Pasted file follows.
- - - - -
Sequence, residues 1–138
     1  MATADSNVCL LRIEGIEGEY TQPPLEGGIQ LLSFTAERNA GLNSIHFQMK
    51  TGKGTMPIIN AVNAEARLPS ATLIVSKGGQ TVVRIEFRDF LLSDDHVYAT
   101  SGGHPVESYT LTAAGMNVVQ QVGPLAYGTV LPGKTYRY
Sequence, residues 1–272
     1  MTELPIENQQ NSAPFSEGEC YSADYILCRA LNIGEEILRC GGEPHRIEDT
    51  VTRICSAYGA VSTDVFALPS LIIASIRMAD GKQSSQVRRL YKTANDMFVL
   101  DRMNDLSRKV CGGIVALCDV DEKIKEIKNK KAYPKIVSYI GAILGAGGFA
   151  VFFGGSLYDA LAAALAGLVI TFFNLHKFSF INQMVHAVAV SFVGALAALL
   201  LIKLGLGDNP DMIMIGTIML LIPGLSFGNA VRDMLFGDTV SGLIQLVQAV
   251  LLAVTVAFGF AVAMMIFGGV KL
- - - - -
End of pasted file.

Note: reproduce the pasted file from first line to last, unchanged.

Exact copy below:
Sequence, residues 1–138
     1  MATADSNVCL LRIEGIEGEY TQPPLEGGIQ LLSFTAERNA GLNSIHFQMK
    51  TGKGTMPIIN AVNAEARLPS ATLIVSKGGQ TVVRIEFRDF LLSDDHVYAT
   101  SGGHPVESYT LTAAGMNVVQ QVGPLAYGTV LPGKTYRY
Sequence, residues 1–272
     1  MTELPIENQQ NSAPFSEGEC YSADYILCRA LNIGEEILRC GGEPHRIEDT
    51  VTRICSAYGA VSTDVFALPS LIIASIRMAD GKQSSQVRRL YKTANDMFVL
   101  DRMNDLSRKV CGGIVALCDV DEKIKEIKNK KAYPKIVSYI GAILGAGGFA
   151  VFFGGSLYDA LAAALAGLVI TFFNLHKFSF INQMVHAVAV SFVGALAALL
   201  LIKLGLGDNP DMIMIGTIML LIPGLSFGNA VRDMLFGDTV SGLIQLVQAV
   251  LLAVTVAFGF AVAMMIFGGV KL